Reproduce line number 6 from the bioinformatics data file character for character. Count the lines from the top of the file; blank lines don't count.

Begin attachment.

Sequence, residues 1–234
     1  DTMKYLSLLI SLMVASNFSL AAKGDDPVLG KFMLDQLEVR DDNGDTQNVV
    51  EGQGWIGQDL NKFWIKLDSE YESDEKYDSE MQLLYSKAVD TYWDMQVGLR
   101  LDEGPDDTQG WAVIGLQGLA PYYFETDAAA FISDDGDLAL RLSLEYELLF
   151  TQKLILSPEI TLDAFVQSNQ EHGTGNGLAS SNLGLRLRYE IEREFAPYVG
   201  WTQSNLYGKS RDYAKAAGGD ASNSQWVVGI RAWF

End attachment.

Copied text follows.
   201  WTQSNLYGKS RDYAKAAGGD ASNSQWVVGI RAWF